Twitter Sonnet #1046

To represent the real the hair is small.
In climbing up adult the verb is pale.
In swaddling shades conceptions birth the wall.
Computing forth, the voyage shaped the whale.
In rambles winding out the digit seeks.
As fortune's wind allows umbrellas through.
The dust of rain illumes the greying peaks.
The fields between were where the branches grew.
On placid jade the glasses found an eye.
In hands unasked beneath a thorny bridge.
To cross a starving pit the dust'll try.
In solemn rows the feathered keep the ridge.
In chapels red the bat has found ingress.
The castle draws who wear translucent dress.

Saturday, October 21, 2017

Playing with Fictional Fire

The Doctor was once again pitted against the absurdities of his own show in the 2012 Sixth Doctor audio play The Fourth Wall. The audios have done this a few times with stories like The One Doctor--also a Sixth Doctor audio--though The Fourth Wall ostensibly sets its sights a little wider, satirising space opera serials in general. It's funny, has some surprisingly effective drama, and is the third to feature Six's companion Flip who continues to be an enormous delight.

A whole artificial planet called Transmission has been made for the purposes of creating a television series called Laser about a hero named Jack Laser (Hywel Morgan) and his companion, Jancey (Tilly Gaunt), who battle the evil Lord Krarn (Martin Hutson). Due to some kind of mix up while the Doctor (Colin Baker) tries watching a cricket match on a special television on the TARDIS, Flip (Lisa Greenwood) is transported onto the planet into the fictional scenario. The actors apparently perform scenes and in a place in time slightly out of phase with the present the characters become real and "improvise". And that's where Flip finds herself.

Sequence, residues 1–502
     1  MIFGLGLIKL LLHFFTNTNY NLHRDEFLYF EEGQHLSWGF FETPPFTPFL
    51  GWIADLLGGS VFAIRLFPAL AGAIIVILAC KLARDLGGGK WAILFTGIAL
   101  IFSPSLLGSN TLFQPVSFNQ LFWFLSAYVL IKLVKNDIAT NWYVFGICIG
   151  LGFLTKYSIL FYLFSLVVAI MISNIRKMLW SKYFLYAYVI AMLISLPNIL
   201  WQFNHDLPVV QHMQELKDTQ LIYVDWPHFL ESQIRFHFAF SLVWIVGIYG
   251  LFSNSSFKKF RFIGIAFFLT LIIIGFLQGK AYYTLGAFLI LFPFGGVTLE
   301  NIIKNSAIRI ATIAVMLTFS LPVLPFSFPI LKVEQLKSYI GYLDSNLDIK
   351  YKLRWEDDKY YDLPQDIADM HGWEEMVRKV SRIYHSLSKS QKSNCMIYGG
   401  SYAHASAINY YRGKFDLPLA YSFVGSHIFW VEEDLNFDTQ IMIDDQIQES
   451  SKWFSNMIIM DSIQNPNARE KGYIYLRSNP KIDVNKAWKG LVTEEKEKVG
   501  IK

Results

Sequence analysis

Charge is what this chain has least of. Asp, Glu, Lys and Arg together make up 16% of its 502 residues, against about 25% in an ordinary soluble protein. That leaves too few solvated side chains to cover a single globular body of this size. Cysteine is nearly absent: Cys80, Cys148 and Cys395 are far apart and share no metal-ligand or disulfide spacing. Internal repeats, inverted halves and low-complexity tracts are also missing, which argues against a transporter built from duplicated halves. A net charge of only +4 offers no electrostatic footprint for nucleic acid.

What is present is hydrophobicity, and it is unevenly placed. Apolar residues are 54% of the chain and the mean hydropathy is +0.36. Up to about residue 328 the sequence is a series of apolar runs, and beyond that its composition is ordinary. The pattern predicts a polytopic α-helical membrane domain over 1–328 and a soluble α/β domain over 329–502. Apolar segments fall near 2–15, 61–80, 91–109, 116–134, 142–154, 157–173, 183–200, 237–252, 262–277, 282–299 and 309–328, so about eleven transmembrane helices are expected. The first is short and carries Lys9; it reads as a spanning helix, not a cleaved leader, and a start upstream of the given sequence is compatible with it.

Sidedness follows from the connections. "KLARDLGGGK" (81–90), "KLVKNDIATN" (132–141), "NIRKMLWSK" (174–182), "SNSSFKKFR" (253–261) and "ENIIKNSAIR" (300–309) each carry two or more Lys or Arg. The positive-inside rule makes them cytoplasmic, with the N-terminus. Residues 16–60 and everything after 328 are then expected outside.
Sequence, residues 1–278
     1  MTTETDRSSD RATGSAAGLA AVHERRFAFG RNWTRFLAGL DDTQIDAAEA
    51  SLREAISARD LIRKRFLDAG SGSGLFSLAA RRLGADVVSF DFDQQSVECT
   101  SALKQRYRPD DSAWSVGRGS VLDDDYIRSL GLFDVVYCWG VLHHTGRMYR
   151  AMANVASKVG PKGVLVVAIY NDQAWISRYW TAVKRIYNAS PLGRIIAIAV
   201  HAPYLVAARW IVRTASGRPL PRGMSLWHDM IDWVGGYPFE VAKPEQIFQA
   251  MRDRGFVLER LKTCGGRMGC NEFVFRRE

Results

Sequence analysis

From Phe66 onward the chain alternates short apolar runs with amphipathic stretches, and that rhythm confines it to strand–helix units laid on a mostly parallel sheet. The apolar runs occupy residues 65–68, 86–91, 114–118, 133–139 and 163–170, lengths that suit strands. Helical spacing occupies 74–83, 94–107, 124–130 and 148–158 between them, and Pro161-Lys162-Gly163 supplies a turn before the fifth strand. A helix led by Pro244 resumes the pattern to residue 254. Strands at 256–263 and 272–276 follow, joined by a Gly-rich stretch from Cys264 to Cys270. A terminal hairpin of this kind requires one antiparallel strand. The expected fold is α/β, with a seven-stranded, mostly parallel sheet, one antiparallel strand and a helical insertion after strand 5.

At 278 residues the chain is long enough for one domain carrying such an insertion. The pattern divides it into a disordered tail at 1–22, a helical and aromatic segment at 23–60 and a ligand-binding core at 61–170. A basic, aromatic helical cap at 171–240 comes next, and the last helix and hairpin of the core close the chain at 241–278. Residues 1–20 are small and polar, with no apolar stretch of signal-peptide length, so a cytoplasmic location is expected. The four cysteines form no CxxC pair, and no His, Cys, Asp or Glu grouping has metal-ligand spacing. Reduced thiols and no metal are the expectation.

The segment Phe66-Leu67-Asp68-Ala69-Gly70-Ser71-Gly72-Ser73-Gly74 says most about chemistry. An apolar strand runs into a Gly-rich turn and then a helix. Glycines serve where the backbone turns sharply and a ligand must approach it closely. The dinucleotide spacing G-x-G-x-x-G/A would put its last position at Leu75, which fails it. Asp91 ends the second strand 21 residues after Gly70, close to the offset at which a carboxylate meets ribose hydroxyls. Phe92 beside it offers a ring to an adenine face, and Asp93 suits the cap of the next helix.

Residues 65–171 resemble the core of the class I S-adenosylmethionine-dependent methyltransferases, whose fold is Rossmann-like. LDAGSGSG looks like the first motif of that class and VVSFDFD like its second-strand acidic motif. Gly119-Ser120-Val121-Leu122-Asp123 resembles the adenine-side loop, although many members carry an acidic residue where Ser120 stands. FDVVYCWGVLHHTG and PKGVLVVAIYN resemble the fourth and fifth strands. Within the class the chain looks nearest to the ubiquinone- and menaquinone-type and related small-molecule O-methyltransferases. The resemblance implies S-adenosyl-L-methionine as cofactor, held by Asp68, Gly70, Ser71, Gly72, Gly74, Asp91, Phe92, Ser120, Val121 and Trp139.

The stuff with Laser is pretty much the standard superhero parody you might see on The Tick--the big, dumb, improbably lucky hero armed with corny quips--though Jancey's tendency to scream when there's trouble clearly seems aimed at Doctor Who. My favourite part, though, is Lord Krarn who perfectly satirises everything I hated about the Master in 1980s Doctor Who. He says he wants to take over the universe and he's going to wipe out the human race and Flip finally asks the questions no-one ever thinks to ask the Master in the 80s--why the hell would you want to control the universe and how does destroying the human race help you accomplish that? To which Lord Krarn becomes flustered and can't answer. One of the reasons Missy is my favourite incarnation of the Master is that Steven Moffat actually does a pretty good job explaining the Master's behaviour as a repressed affection for the Doctor--something that's set up in the Third Doctor era with a few lines about how he and the Doctor used to be friends but the idea wasn't really explored until recently.

The Fourth Wall, written by John Dorney, also has some nice stuff about how one shouldn't underestimate the affection fans have for even poorly written fantasies. Krarn encountering his creator almost recalls Roy encountering Tyrell in Blade Runner--Krarn is understandably angry that his wife was killed off just to give him a motive to be evil. It must be quite a shock to discover one day that one has been badly written, I don't really blame him for wanting revenge.